What is Neuroplasticity and why is it Important for Depression and Chronic Pain?
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What is Neuroplasticity and why is it Important for Depression and Chronic Pain?

The human brain is comprised of an estimated 100 billion neurons (brain cells), each of which are connected to as many as 10,000 other neurons. This extraordinarily complex network of cells is present within each of our skulls and is what underlies every thought and perception we’ve ever had. It governs how we perceive, understand, and respond to the events in our life. 

Something about the brain that’s increasingly acknowledged is that, when it’s healthy, it’s constantly changing in response to our experiences. Brain scientists no longer think of the brain as a static organ that doesn’t change once you’re an adult. Rather, they view it as a dynamic organ that is constantly creating, removing, and altering its connections as we learn and have new experiences. The ability for the brain to change its connections in these ways is referred to as ‘neuroplasticity’¹.

Neuroplasticity is critical for the healthy brain’s ability to learn, adapt to new experiences, and recover from injury². It allows our brain — and by extension, us — to respond to the challenges and shifting circumstances of our lives in a flexible way. Without neuroplasticity, we would constantly find ourselves getting stuck in rigid ways of thinking and behaving that just don’t match what is currently going on in our life. Neuroplasticity, as you might guess, is central to a number of disorders including depression and chronic pain, our primary focus at EntheoTech.

A large body of research has linked depression to impaired neuroplasticity³. Interestingly, it seems to go in both ways: having depression may lead to reduced neuroplasticity, and having reduced neuroplasticity can lead to depression. The common link here is chronic stress. When suffering from chronic stress, your cortisol levels are constantly elevated. Cortisol is a hormone that’s released to help mobilize your body’s resources to deal with a stressful or dangerous situation. When released for a short period of time, higher cortisol can raise your energy levels, make you alert and attentive, and enhance your cognition. When chronically increased, however, cortisol can overtax your nervous system and lead to problems throughout the body.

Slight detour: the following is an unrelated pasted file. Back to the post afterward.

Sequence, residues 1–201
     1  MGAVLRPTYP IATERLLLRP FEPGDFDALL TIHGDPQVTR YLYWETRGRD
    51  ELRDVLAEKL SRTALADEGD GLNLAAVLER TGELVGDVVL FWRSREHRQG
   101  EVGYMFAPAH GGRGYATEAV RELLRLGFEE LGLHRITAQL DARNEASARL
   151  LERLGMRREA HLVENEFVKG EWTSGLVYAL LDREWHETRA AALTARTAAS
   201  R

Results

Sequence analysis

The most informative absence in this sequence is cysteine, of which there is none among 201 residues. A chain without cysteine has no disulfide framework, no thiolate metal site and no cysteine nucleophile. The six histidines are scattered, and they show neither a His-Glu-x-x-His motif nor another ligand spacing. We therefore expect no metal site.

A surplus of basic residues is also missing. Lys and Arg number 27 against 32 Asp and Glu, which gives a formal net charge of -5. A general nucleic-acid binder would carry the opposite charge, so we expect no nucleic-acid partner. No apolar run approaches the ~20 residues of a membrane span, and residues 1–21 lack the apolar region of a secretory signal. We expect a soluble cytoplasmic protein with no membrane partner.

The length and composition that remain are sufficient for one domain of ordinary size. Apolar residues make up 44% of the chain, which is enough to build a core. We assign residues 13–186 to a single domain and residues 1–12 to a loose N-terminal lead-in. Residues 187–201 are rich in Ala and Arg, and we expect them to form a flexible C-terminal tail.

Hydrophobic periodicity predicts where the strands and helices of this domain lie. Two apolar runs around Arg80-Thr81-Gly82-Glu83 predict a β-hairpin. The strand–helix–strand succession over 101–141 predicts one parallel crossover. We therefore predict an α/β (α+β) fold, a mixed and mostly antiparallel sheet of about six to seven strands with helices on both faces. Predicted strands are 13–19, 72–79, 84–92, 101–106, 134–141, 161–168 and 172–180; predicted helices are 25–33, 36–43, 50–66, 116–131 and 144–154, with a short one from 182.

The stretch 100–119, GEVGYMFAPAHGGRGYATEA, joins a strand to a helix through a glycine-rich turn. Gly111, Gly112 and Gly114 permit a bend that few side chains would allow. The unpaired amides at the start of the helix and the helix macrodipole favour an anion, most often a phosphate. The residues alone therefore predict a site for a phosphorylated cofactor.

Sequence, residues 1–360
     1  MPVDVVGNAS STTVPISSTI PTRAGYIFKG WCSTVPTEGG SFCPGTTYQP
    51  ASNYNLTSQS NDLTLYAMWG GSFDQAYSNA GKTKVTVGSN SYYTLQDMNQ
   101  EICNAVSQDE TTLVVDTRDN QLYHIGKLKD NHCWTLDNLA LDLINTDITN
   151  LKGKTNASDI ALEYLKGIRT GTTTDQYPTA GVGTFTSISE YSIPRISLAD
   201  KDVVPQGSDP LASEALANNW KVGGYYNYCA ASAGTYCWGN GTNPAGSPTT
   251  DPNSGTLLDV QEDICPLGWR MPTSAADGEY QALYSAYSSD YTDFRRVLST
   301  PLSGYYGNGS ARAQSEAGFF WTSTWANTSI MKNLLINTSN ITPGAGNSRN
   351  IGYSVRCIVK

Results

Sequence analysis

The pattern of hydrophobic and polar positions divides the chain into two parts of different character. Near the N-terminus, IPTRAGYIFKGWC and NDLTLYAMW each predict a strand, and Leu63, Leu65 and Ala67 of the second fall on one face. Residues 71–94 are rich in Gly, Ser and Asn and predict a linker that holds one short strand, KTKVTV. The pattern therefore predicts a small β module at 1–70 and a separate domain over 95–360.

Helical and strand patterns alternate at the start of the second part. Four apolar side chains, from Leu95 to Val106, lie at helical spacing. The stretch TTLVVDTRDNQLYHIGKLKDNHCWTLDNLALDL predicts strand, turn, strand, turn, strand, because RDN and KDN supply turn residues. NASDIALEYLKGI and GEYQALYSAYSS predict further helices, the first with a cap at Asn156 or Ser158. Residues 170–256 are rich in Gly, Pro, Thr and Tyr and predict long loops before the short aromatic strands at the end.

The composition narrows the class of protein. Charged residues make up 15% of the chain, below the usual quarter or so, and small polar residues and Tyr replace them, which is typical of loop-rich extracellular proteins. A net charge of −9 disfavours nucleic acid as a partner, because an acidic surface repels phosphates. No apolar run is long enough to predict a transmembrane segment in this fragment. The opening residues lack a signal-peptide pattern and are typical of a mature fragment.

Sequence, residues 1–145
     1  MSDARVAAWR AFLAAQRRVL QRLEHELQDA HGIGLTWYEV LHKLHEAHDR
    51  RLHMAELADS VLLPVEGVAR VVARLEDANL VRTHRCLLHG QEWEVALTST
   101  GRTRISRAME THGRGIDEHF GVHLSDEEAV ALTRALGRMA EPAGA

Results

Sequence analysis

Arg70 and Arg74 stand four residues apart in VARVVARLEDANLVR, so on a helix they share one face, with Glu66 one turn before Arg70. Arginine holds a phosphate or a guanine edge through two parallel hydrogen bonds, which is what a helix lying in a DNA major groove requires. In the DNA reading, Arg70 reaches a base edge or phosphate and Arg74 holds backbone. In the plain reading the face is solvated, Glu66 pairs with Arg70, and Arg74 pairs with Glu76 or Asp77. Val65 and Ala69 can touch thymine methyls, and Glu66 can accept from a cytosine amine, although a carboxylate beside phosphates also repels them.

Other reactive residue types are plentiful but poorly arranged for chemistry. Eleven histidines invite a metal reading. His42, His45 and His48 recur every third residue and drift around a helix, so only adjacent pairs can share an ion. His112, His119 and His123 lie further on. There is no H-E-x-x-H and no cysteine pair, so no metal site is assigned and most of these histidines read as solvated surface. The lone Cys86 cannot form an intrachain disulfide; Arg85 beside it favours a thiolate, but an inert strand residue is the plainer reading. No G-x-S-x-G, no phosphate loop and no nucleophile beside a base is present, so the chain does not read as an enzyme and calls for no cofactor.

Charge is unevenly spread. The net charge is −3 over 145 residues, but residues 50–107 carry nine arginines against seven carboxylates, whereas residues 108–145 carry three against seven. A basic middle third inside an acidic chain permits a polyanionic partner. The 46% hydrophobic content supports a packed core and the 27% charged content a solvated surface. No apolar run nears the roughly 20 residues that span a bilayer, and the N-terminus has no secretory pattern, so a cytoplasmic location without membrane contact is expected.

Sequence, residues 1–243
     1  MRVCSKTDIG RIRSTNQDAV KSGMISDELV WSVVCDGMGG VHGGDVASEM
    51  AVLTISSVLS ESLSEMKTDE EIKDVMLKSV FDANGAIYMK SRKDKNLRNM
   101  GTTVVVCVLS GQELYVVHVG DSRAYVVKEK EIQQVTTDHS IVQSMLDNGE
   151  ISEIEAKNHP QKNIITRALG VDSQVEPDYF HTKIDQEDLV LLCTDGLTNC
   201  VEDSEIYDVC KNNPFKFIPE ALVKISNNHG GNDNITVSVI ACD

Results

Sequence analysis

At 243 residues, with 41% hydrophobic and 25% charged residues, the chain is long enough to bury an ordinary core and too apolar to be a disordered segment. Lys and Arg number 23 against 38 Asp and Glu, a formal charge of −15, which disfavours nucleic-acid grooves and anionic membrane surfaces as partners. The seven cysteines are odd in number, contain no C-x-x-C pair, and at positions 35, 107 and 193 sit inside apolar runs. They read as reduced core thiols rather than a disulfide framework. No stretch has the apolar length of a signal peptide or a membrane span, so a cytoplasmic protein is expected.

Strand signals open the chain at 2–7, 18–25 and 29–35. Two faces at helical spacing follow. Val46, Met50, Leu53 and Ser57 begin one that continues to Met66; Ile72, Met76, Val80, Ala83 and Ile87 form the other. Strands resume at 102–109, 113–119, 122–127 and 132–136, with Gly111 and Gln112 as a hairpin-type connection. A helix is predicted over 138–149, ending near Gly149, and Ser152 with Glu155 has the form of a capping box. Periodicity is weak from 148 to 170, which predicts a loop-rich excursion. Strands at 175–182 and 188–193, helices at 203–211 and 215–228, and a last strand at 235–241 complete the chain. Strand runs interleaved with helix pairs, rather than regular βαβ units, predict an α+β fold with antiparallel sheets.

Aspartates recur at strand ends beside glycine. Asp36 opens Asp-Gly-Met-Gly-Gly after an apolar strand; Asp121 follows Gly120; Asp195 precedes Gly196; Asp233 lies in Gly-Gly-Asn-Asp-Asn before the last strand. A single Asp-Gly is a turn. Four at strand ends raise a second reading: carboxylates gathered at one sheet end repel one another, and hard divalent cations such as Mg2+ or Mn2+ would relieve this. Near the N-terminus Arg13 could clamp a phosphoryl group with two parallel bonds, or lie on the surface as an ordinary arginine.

One of the main effects in the brain is that cortisol enhances the release of the excitatory neurotransmitter glutamate in the prefrontal cortex⁴. In the short term, this has beneficial effects on our ability to think clearly and effectively, but in the longer term it leads to neurotoxic effects⁵. Neurons that are stimulated too much for too long start to shrivel up, become less complex, and have an impaired ability to make or change connections with other neurons (i.e. impaired neuroplasticity). This then leads to impairments in our ability to think clearly and flexibly, as well as in our ability to regulate our emotions. 

Ultimately, this can lead to symptoms of depression such as a tendency to get stuck in rigid and negative thought patterns. It is also possible that one first becomes depressed for a different reason, then starts to experience chronic stress, and then suffers from these brain impairments, making it more difficult to escape the depression³.

Neuroplasticity is also relevant for the treatment of chronic pain. As covered in a previous blog post, the most common form of chronic pain is ‘neuropathic pain’. This type of pain occurs when, after an injury, nerves in the brain and/or spinal cord become damaged and start to fire spontaneously, as well as become hypersensitive to pain inputs⁶. This persisting nerve damage causes pain to be prolonged indefinitely. Increasing neuroplasticity in the nervous system can give the brain more resources to rewire these dysfunctional connections⁷ ⁸.

At EntheoMed’s Ketamine Assisted Therapy Suite in Kelowna, BC, we offer intramuscular ketamine infusions as a treatment for chronic pain and depression. Although ketamine works through multiple mechanisms, the primary way it helps relieve symptoms of these two conditions is by potently increasing neuroplasticity — something supported by an increasing number of studies⁹. Our ketamine infusions are given in the context of our ketamine-assisted psychotherapy Odyssey model, which is designed to help you further make the most of the boosts in neuroplasticity provided by ketamine and create lasting positive change.

Click here to learn more about EntheoMed’s Ketamine Assisted Therapy Suite, including more details about our approach, the experience, and a form to book your first appointment.

Written by Manesh Girn for EntheoTech


(1) The Dynamic Brain: Neuroplasticity and Mental Health

(2) Dynamic Brains and the Changing Rules of Neuroplasticity: Implications for Learning and Recovery

(3) Stress, Depression, and Neuroplasticity: A Convergence of Mechanisms

(4) Acute stress enhances glutamatergic transmission in prefrontal cortex and facilitates working memory

(5) Repeated Stress Causes Cognitive Impairment by Suppressing Glutamate Receptor Expression and Function in Prefrontal Cortex

(6) Neuropathic Pain: A Maladaptive Response of the Nervous System to Damage

(7) Neuroplasticity Mechanisms in the Pathophysiology of Chronic Pain

(8) Ketamine for chronic pain: risks and benefits


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